The cyclist in front of me sure looked like trouble. He was lean and muscular in all the right places and had a pure, steady rhythm to his pedaling. We had just embarked on a ride from Furman University to Saluda, North Carolina, a 75-mile round trip, and I was looking forward to a big day of climbing. I was with a group of seven riders, some with less experience than others. And the one in front of me definitely was in the “more experienced” category. I gave the pedals a quick squirt and eased up next to him.
“Hey, I’m Whit.”
“Whit? You’re Caroline’s brother?”
“That’s me. And you are?”
That’s how so many of us met Whit Oliver. He was the former professional cyclist with that ever-present smile, the guy with that beautiful cadence and the lean body that comes from meticulous training. He was also the guy that wanted to hear about you. “What’s your name? Where’d you get those cool shoes? Your bike looks well cared for.” Whit was never the guy to wear his “Former European Pro” moniker on his sleeve even though he had the speed and moves to show it. He smiled, he listened, he engaged, he chatted up the new riders and he always encouraged.
I’d already been on a few rides with his sister, Caroline, prior to meeting him. She was new to cycling and would occasionally joke about her brother, the former pro who never gave her any cycling advice. And I wasn’t sure she was serious because it’s not often someone can say that and mean it.
“Your brother raced professionally? Where?”
“Seriously? And he won’t give you any cycling advice?”
“Yeah. Isn’t that strange? Because aren’t older brothers supposed to give you nonstop, unsolicited advice on everything?”
Six weeks later, I’m at mile one of that 75-mile ride and after chatting with Whit for five minutes, he hadn’t mentioned his history. Cyclists, the kind that enjoy a Sunday with six thousand feet of elevation to tackle, can be an egotistical bunch. It comes with the territory.
Our bikes are expensive — many of the parts can be upgraded to suit one’s desires —and with the infatuation to be faster there’s a wealth of one’s own statistics to become captivated with via the latest app-based tech. Couple that with the inherent danger of cycling — courtesy a nation of distracted drivers — and the close proximity of all that spinning metal, and it’s easy to get caught up in one’s inflated sense of two-wheeled worth. And if you had an MBA from a business school in Paris, spoke beautiful French, had 10% body fat coupled with the boyish charm of Chris Pratt, one would assume Whit Oliver would own a serious level of self-indulgence.
You would be wrong.
Although Whit had all those qualifications, he did not have the ego. On that first, big ride we were with a couple of guys that were about to take their longest ride, ever. I overheard Whit giving encouragement and one of those guys, Ramon Lopez, said, “He totally left a lasting impression on me. I remember how cool and humble he was on that ride. Even though I was an anchor on that ride, he never treated me like a burden. He was encouraging and kind.”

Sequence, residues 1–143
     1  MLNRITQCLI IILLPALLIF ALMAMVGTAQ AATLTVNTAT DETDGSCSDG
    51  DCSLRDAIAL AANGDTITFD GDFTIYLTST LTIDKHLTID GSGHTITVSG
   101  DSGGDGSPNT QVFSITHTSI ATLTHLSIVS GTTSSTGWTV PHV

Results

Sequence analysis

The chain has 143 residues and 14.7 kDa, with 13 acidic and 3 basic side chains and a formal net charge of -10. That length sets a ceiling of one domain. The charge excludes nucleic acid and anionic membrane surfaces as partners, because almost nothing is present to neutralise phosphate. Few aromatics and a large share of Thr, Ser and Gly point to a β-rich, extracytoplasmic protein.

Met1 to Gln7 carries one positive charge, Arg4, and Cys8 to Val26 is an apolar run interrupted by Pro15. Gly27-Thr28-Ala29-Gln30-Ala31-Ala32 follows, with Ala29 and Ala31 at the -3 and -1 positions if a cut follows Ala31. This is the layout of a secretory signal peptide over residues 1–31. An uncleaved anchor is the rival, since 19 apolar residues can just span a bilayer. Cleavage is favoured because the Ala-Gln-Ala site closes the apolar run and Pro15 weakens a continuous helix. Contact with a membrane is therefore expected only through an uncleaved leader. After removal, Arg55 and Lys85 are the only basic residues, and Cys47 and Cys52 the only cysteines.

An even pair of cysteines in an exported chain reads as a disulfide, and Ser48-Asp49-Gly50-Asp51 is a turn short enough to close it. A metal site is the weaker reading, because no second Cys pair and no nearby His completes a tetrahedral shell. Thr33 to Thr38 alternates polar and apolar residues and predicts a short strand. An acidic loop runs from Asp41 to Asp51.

On a day-long ride across the western North Carolina mountains with perhaps ten others, several of us were feeling fast and Whit was happy to tuck in and coach me through some rather technical and fast downhill bits. One of the guys on that ride, Julian Loue of Rise Bakery, remembers discussing the merits of their favorite Parisian bakeries and not average watts or tire pressures.
I’ve maybe pedaled 1500 miles with Whit. Several times on those rides I also lost my temper. Over the years I’ve had drivers purposely squeeze me onto the gravel, or flip me off, or get right up behind my six o’clock position then lean on the horn. Stuff like that happened all-too-often and it would always enrage me. Whit? It wouldn’t even phase him. He’d laugh it off with “someone’s having a bad day.” I’ve met Buddhist monks with worse tempers than Whit Oliver.
On those rides, his favorite topic of conversation was his wife, Eva or his young son. Eva is a professional artist. Her work had found international fame a few years back when she collaborated with Nike to create a line of athletic clothing designed around her aesthetic. I only met Eva once and she kindly rewarded me with, “Whit has told me all about you.”
Three years ago, Whit asked me to help him create a line of energy bars and we knocked an idea around that the typical cookie had similar nutrition and calorie content of a performance bar. So, we designed five different cookies, shaped like bars, flavored with lemons, sweet potatoes, chocolate, cinnamon, and almonds and spiked with caffeine. That’s a tough market to break into without some serious backing but we gave it a shot. Whit eventually got his Musette Cookie bars into some cycling shops and the results were very popular. The energy bar space is a very crowded market, yet Whit was willing to give it a go.
“Hey, let’s give it a shot.”
That was Whit. He’d smile and say, “Why not?” and with his effervescent personality would convince you to climb something outrageous, to pedal 20 miles past your limit, to try and break into a crowded market because it was possible. On his wife’s Instagram page, his comments are full of love and praise for her work. His LinkedIn profile is full of praise and encouragement for others, and his recommendations are rife with comments such as, “He listens deeply and intently.”
Always listening, always encouraging, always asking “Hey, why not give it a go?” David “Whit” Oliver was the cycling community’s poster child for many of the best qualities we humans should aspire to.
Godspeed, my friend.
– John Malik